– Stephanie Johnson, Durango

A Colorado range war

Dear Editors,

There’s a range war raging in Southeastern Colorado. It’s not between cowboys and sod busters. It’s a clash between a ranching culture that has worked the fragile short grass prairies for over a century, and a military culture that has a track record of turning large hunks of the earth into toxic wastelands, between traditional agricultural and the military-industrial complex. We find ourselves fighting to defend our land and our way of life against an invasion by our own military. Ranching families are praying that they will not be forcibly removed from their homes so that the Pentagon can turn our region into a huge, live-fire zone.

There have been other culture-clashes around here. Back in the 1860s, the natives were in the way of the gold around Denver. So they were forcibly removed by the military.  In 1914, coal miners went on strike, demanding safer working conditions. The military was sent in to protect the interests of the coal companies and the result was the Ludlow Massacre.

This time it’s not gold or coal, but oil. The Department of Defense says it needs the southeastern corner of Colorado to train troops to defend multinational petroleum interests. In the 1800s, Easterners saw the Indian Wars as something far removed from them. The Coal Field Wars were also looked upon as local skirmishes by people in Denver. Now we worry that the current clash between ranchers and the military might be viewed as a local struggle between landowners and the government.

But the human rights of Native Americans, miners or ranchers are never just local issues. There are core principles at stake. The struggle in southeastern Colorado is not local. It’s about global wars for the control of oil.

We’re asking all Coloradoans to stand with us to protect our state’s archaeological, historical, natural and cultural treasures from being plundered. The Colorado Legislature recently withdrew our state’s consent for the military to seize our land by eminent domain. The U.S. House of Representatives has approved an amendment blocking funds for the expansion of Piñon Canyon. Now it’s up to our two senators to make sure that this amendment stays in the bill.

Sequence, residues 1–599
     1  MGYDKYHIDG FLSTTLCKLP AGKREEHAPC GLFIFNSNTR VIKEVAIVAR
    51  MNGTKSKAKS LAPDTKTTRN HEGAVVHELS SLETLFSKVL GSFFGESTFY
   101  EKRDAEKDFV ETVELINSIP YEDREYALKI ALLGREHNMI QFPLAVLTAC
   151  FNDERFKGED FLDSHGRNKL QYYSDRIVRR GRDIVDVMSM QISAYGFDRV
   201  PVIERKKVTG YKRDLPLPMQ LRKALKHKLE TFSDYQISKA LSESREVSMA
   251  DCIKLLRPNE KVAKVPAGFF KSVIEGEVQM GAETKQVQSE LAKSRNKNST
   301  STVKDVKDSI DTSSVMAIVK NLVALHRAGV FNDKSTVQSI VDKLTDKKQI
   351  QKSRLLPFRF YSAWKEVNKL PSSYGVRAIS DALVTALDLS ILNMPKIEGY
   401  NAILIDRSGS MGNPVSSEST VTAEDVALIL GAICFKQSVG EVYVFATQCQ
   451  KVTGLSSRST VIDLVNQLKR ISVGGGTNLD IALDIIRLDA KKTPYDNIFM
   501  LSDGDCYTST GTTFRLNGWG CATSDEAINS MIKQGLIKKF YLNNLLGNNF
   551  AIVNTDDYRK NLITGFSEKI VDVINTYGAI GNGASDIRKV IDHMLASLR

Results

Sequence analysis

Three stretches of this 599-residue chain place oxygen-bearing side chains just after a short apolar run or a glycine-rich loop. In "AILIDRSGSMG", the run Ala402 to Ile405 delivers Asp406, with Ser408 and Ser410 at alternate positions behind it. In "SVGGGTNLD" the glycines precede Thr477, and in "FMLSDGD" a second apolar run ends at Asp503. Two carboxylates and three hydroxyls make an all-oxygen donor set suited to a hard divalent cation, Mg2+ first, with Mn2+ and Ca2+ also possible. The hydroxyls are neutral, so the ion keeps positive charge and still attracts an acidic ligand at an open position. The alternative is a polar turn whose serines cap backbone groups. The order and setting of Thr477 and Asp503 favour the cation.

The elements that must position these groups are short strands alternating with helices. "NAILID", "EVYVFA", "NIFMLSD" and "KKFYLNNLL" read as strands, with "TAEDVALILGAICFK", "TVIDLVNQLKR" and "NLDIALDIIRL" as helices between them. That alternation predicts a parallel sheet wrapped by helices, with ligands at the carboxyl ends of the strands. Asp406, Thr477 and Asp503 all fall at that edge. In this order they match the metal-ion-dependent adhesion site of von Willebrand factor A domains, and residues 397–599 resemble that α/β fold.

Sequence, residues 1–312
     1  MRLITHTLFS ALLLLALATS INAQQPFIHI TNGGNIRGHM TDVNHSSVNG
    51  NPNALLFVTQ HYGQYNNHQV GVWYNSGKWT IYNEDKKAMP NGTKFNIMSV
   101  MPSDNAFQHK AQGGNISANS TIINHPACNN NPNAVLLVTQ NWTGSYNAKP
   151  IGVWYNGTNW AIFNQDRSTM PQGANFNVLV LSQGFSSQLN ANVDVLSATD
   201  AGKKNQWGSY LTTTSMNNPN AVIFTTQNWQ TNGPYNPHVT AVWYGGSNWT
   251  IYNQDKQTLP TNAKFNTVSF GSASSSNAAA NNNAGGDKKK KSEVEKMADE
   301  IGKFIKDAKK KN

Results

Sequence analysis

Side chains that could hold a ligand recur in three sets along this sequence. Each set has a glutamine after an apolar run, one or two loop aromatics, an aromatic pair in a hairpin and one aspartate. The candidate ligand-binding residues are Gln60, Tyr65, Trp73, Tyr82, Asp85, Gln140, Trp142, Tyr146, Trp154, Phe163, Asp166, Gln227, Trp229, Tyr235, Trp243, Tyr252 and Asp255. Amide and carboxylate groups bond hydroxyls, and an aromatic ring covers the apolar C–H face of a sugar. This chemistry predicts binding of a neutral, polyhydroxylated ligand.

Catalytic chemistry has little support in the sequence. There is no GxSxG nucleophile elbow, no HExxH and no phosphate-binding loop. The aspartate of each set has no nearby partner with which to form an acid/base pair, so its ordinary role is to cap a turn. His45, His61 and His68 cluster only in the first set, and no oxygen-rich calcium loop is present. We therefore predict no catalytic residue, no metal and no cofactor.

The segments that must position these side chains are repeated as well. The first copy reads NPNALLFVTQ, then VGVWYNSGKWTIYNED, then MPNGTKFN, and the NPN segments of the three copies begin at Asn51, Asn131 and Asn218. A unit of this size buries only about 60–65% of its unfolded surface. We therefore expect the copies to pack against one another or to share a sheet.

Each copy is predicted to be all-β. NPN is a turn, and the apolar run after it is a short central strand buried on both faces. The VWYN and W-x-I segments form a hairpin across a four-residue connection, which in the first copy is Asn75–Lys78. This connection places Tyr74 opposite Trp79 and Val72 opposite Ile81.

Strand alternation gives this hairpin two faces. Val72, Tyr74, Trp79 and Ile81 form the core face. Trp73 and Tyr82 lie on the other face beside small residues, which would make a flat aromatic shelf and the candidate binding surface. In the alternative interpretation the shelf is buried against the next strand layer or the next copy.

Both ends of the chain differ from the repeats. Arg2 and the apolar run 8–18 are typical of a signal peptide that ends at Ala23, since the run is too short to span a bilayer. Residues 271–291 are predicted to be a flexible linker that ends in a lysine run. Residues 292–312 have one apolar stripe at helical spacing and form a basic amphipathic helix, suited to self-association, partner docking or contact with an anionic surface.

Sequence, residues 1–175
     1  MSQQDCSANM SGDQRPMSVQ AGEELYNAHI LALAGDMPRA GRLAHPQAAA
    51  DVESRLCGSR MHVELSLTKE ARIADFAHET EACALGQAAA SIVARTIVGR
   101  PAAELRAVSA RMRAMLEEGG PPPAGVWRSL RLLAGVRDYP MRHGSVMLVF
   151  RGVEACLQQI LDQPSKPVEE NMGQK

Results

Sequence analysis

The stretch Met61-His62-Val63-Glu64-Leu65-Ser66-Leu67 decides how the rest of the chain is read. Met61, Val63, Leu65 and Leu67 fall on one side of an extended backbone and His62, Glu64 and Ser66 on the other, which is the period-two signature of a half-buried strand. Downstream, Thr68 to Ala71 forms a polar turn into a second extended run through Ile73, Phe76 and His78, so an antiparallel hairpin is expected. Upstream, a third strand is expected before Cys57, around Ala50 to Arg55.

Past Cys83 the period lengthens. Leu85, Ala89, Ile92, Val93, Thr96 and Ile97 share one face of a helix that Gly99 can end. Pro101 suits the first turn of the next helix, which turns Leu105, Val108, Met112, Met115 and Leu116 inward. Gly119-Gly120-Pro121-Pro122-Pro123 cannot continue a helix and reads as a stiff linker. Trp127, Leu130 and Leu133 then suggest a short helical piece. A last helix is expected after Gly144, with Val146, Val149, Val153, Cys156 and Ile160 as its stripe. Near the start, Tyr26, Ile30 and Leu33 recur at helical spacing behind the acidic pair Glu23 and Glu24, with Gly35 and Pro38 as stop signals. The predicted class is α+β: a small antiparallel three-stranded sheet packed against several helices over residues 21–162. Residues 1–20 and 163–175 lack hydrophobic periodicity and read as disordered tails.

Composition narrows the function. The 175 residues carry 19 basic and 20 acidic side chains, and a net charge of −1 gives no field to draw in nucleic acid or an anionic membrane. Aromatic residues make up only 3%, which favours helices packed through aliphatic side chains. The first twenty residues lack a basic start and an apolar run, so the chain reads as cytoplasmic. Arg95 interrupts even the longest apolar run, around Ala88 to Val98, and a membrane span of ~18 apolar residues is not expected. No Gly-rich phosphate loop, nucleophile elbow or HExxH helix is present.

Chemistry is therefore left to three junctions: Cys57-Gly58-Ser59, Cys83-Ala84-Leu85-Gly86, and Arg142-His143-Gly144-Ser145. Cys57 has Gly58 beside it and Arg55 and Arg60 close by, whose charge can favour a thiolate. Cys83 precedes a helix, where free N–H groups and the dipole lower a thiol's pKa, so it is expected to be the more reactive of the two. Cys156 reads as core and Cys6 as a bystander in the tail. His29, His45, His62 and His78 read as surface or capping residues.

Please tell them to protect Colorado’s heritage from this military land grab so that we can use our land to produce food and to generate wind and solar energy to free us from our dependence on oil.

– Sincerely, Doug Holdread, via e-mail

Kudos to 9R for videotaping

To the Editor,

 Our thanks go out to the 9R School Board of Education who agreed last month to resume the videotaping of their board meetings. Using two cameras, Durango Community Access Television (DCAT) will record the meetings for broadcast on Cable Channel 22. Initially the meetings will be broadcast about two days after each meeting. As soon as the live feed from the 9R facility to the cable company is installed, DCAT will broadcast live. Residents without Bresnan cable access will be able to download the recordings from the school district’s web site, www.durangoschools.org.  DCAT will begin this effort starting with the Aug. 14 board meeting, so for those of you unable to attend the meeting, please plan to check the broadcast schedule on Channel 22.  Board meetings are currently held the second Tuesday of the month.

We are also grateful to the Durango, Bayfield and Ignacio school boards for agreeing to co-sponsor a combined School Board Candidate Workshop. A total of 11 seats on these three school boards will be up for election this fall: If you are considering running for board positions, this is the year to do so. To learn what it means to be a school board member, plan on attending the workshop, Aug. 11, 8:30 a.m. to noon at Mercy Regional Medical Center. See our website, www.lwvlaplata.org for details and sign-up information or call Pam Patton, 884-2206.

– Ellen Park, president, League of Women Voters of La Plata County